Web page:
"When I Was a Boy" is a song composed by John Entwistle with very good lyrics about how life changes while growing up from childhood to adulthood. It was sung by him, with him also playing a very good horns arrangement in a very "baroque" style. I don`t know why this song was relegated to the B-side of a single because it is very good. It has been also released in some rarities and B-sides compilations from THE WHO

 In Rock by DEEP PURPLE album cover Studio Album, 1970
4.30 | 893 ratings

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In Rock
Deep Purple Proto-Prog

Review by Losimba

4 stars Ok, my first review here, and while it's not one of my all time favourite albums it contains one of my all time top 5 songs. This album was published a few months before I was born, so it was already quite old when I first listened in (I must have been around 16 or 17 then) and immediately bought it, of course on vinyl then.

And what a start Speed King offers. Easily one of the fastest songs Deep Purple ever recorded, it drives on for 6 minutes, including a classic of a guitar solo by Ritchie Blackmore. Track 2 is Bloodsucker, a fine contrast in its heaviness.  But the highlight of the album is Child In Time, 10 minutes and 17 seconds of intensity, vibration and variety. Starting innocently with this wonderfully simple bass lick and organ motif, the first part is one single crescendo culminating in Ian Gillan's famous screaming. The following solo section is similar, the first minute or so comes rather bluesy before the whole thing accelerates and finally ends with a strong chord. One might think that this is already the end of the song, but no, it's back to the beginning with just some variations in the organ parts, and of course the screaming part is not followed by another solo but a rather dramatic winddown ending the song with something like a big crash.

Side two begins with Flight Of The Rat, which is one of the reasons the album didn't get all time favourite status and 5 stars. Yes, it is another powerful song, but I never was able to get a really distinct impression. This is different with the next song, Into The Fire. Though it's the shortest and probably least "progressive" song on the album, the riff and chorus are something I find myself whistling now and then. Living Wreck is the second less distinct song on this album, before it closes down with Hard Lovin' Man, another rather long track which I rate somewhere between the good and the less good songs, but closer to the good ones. While energy and the chorus are firmly in my ears, most of the other parts of the song are put back into the back drawers of my memory recall about 2 songs later.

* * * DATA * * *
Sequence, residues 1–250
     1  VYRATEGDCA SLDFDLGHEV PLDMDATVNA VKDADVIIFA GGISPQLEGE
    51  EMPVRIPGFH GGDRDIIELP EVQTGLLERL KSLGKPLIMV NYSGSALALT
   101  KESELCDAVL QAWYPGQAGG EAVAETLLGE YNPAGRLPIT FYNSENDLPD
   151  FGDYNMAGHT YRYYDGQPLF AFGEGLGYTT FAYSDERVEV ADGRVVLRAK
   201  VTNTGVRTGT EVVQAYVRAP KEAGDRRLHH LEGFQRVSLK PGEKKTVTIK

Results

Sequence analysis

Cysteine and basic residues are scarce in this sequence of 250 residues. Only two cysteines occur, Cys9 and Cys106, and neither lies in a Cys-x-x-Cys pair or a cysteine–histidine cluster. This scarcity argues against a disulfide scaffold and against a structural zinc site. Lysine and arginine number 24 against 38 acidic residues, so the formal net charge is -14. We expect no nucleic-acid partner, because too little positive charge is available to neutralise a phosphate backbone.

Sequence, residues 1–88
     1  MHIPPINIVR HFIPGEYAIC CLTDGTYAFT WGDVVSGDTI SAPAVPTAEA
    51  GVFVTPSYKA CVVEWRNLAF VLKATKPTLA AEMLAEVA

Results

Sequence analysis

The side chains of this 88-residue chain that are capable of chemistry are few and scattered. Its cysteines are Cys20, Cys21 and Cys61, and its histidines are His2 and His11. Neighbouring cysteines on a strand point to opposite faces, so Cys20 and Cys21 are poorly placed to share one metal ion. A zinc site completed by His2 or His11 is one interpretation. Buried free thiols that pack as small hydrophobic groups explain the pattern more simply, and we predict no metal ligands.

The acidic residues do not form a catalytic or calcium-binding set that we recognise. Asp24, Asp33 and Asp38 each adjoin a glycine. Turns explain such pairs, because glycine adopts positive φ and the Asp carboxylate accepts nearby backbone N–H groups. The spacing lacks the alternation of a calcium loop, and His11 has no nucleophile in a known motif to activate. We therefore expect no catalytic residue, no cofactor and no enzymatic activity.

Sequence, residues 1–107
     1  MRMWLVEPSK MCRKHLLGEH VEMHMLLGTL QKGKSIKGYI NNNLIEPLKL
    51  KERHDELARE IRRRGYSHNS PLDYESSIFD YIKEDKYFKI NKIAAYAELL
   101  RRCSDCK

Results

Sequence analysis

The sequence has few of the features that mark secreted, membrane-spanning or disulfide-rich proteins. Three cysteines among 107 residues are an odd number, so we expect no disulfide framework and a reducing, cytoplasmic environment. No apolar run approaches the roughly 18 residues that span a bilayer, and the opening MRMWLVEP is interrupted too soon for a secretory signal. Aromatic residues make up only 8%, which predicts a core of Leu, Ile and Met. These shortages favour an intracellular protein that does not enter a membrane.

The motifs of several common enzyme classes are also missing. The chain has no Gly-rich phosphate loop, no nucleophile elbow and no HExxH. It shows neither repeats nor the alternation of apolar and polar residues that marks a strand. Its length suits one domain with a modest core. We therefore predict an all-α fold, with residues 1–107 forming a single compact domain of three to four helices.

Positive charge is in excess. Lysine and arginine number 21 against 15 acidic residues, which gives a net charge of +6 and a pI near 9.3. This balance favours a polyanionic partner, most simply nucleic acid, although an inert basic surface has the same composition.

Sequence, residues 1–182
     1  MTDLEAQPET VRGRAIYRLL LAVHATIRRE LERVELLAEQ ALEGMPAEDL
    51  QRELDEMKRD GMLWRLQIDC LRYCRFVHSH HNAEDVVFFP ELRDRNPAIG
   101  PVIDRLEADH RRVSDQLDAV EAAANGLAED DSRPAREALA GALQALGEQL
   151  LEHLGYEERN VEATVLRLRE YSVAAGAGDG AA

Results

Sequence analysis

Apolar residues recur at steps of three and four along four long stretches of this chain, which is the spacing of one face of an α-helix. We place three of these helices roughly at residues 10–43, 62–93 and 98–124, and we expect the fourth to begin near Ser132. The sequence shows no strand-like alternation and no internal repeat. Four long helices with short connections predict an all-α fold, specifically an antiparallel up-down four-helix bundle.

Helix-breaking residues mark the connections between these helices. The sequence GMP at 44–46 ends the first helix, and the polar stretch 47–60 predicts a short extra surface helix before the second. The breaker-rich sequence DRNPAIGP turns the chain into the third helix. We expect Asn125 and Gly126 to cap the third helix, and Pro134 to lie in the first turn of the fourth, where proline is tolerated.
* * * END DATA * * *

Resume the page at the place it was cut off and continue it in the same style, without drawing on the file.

I don't own the remaster, but the Black Night single, and I'm quite disappointed with it. While the core of the song is quite good, this version will never be equal to the live versions on Made in Japan or Nobody's Perfect with their beautiful bass intros. So it's gonna be 4 stars, maybe 4.5 because Child In Time is a 6 stars song.

 The Doors by DOORS, THE album cover Studio Album, 1967
4.29 | 479 ratings

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The Doors
The Doors Proto-Prog

Review by aglasshouse

2 stars This album retains the quality of a Rube Goldberg machine, and one that you don't know what it's going to do until you see it.

The Doors, headed by Jim Morrison, came about in the same year of another well known psychedelic band (Pink Floyd), 1967. And in a way, these two bands retain similar qualities. But when it comes to which band I like more, I'd easily say the Floyd. Where PF discovered the boundries of their acid-contributed performance in a structural manner, The Doors rather doodled about until they got a winner. That wouldn't be bad in most circumstances, except when you have the doodles as their own track, posing as good songs. For instance, I always thought that 'Twentieth Century Fox' seemed like a lackluster carbon-copy of 'Soul Kitchen' because of them having the exact same beat, incredibly similar composition, and among other things. Before I get too far into my dislike, let's break down the tracks.

'Break on Through (To The Other Side)' is the song that every one knows. For good reason I suppose; it's extremely catchy, has some great instrumentals from Manzarek and Krieger, as well as some really strong vocals from Morrison. It's definitely a great opening, but then the album goes pretty downhill. 'Soul Kitchen' is not bad, but it's nothing compared to the first track. A really cool track that I especially like is the gypsy-like 'Whisky Bar'. It's extremely unique in the case of both The Doors and even other bands. 'The End' is an amazing album finisher, perhaps a little too long, but I suppose it's worth it.

That's where we hit a wall, however. The album's other tracks are extremely lackluster, and have boring elements. They sound more like demos than they would significant tracks. So, if I were to judge this next to other bands of it's time, this is lower on the totem pole. Not very spectacular, and I wouldn't recommend it. I prefer Strange Days over this, so go check that out.

I do not recommend this album.

 Love Songs by BEATLES, THE album cover Boxset/Compilation, 1977
3.85 | 18 ratings

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Love Songs
The Beatles Proto-Prog

Review by thwok

4 stars If this album was released on CD at a reasonable price (not the absurd, almost $20 you have to pay these days), I would snatch it up in a minute. It contains many of my favorite Beatles songs, scattered throughout the band's original albums. The fact that this album does span the band's less-than 10 year recording career is one of its selling points. I think the inclusion of "I Will", a great song that I didn't even know existed until Alison Krauss' brilliant cover version, alone earns this album an extra star.